Oh, by the way, the "collective" rights theory of the 2nd Amendment first arose in American jurisprudence in a 1906 Kansas case (the name of which I can't recall). In other words, we have 117 years of prior case law which refers to the INDIVIDUAL RKBA, but that's of no matter no that some minor case in Kansas said otherwise. Res Judicata apparently only means something if the precedent in question agrees with your point of view, but not if it disagrees with it.
The failure to apply the 2nd Amendment to the states is outrageous. The 14th Amendment was, as mentioned in an earlier post, passed specifically to rectify the denial of RKBA rights to the then-newly freed slaves (i.e. US citizens) by Southern states. The FIRST of the BOR provisions that should have been incorporated was the 2nd's RKBA - but instead it appears that it will be the last (IF it is ever incorporated). What is really needed is a Supreme Court decision that does just this, that puts a stake in the heart of the "collective" rights theory and applies the 2nd to the states. I'm not holding my breath waiting for this to occur, and particularly not with this Supreme Court. We probably have 3 votes, maybe maybe 4, but not 5 or more.
I wish that everyone who is a gun owner would get at least one gun that doesn't require a 4473. It may be an antique (i.e. a pre-1899 gun) or a gun acquired directly from its owner (where that is legal...grrrrrrrr!). Its the only way to make sure that everything can't be cross-indexed or registered in some way, and later confiscated.
Bravo Sierra. The 14th was adopted to grant US citizenship to blacks - a right which had been denied since the Congress wrote the first Naturalization bill.
Historically the BoR was not extended to the states - Madison and Halimlton both argued thuisly, as did Chief Justice John Marshall in Barron v. City of Baltimore,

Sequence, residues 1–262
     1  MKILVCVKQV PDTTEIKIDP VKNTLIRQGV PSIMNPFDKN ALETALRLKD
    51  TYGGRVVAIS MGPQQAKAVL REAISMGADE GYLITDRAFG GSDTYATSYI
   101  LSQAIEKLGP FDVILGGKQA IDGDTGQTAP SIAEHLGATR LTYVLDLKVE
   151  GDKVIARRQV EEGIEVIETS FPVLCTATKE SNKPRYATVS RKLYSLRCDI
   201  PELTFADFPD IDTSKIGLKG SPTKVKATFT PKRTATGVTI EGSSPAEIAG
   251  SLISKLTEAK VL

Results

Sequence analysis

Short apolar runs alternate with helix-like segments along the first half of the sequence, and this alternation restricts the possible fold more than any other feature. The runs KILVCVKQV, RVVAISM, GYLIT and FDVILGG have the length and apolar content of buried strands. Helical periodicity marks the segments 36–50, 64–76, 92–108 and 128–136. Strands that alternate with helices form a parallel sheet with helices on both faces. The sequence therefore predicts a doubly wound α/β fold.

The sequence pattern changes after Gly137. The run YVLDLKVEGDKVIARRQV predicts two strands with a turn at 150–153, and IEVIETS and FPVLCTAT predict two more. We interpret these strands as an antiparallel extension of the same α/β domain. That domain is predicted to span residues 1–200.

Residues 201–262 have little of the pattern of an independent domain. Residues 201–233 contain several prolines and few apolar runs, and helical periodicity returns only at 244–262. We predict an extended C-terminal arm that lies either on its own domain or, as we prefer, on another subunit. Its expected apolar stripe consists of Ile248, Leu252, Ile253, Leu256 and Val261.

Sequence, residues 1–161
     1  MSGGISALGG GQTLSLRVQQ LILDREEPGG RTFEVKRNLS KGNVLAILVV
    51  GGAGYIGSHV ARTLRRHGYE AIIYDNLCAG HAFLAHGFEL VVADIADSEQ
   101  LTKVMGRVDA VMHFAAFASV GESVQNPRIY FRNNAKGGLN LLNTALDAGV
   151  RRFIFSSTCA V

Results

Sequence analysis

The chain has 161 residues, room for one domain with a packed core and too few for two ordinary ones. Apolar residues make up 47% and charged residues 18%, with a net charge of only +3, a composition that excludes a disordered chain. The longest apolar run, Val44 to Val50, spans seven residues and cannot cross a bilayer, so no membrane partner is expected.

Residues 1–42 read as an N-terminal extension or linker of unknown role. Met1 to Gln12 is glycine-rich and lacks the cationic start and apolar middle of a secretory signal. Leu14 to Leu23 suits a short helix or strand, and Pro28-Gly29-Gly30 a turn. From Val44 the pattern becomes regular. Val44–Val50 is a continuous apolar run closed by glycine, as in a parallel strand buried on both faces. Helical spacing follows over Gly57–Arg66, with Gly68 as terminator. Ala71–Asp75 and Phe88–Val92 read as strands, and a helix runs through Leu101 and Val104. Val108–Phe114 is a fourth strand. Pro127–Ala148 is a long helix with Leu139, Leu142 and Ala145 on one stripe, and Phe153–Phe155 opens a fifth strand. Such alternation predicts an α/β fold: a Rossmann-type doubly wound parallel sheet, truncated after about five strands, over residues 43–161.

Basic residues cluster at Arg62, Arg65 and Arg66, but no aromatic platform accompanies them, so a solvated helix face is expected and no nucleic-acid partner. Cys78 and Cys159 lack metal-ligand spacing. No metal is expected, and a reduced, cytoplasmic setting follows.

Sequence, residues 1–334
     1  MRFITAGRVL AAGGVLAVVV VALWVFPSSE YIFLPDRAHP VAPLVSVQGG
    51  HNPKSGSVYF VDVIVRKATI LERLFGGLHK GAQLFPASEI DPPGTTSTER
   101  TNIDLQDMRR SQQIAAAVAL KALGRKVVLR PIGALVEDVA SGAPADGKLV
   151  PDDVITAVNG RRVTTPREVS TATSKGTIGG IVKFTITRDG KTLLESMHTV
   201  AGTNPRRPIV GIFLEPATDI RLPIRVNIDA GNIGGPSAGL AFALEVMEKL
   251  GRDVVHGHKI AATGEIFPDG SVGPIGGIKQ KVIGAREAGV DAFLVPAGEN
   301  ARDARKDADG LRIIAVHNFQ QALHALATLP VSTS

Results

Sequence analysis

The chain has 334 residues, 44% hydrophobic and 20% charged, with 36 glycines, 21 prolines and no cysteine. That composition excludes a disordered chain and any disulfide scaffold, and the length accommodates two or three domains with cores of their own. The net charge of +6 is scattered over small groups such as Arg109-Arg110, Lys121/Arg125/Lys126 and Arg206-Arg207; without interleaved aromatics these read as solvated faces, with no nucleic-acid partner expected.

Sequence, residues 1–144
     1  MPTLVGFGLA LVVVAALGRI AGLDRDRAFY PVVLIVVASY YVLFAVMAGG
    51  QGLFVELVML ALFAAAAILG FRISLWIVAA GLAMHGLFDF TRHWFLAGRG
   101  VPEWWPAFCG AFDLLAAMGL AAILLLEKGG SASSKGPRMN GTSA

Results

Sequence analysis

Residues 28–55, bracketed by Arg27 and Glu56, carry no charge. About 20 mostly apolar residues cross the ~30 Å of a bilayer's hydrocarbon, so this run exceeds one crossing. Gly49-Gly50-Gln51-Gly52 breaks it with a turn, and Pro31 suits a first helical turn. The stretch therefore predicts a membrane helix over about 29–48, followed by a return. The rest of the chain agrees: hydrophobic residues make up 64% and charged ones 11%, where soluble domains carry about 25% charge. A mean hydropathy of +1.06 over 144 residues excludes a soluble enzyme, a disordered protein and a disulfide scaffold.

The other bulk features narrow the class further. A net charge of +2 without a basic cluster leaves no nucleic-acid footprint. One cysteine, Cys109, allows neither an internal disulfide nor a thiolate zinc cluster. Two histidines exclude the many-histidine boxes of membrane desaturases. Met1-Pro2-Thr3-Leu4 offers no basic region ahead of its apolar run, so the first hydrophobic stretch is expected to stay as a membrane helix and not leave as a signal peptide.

The powers they conferred on this government were to be exercised by itself, and the limitations on power, if expressed in general terms, are naturally, and we think necessarily, applicable to the government created by the instrument. They are limitations of power granted in the instrument itself, not of distinct governments framed by different persons and for different purposes.The BoR was a limitation of the federal government, not the states, as evidenced by the Preamble to the BoR,
The Conventions of a number of the States having at the time of their adopting the Constitution, expressed a desire, in order to prevent misconstruction or abuse of its powers [the federal government], that further declaratory and restrictive clauses should be added.
The second does not apply? what about the other rights?
So there is no first in NY?
But the guild doesn't like guns. They're dangerous and tend to be popular with sans culotte element.
Bravo Sierro yourself. I gave a reference with numerous citations: The Fourteenth Amendment and the Right To Keep and Bear Arms: The Intent of the Framers. You just splattered a baseless opinion.
Historically the BoR was not extended to the states
That's true, although there was always a minority opinion that held otherwise. For one thing, the rights enumerated in the BoR are not granted or created by the Constitution, but rather simply recognized by the BoR as those that intrinsically belong to all human beings, and that restrict the rightful powers of all governments. The States also recognized those rights when they ratified the BoR. But in any case, the adoption of the Fourteenth Ammendment mooted the argument.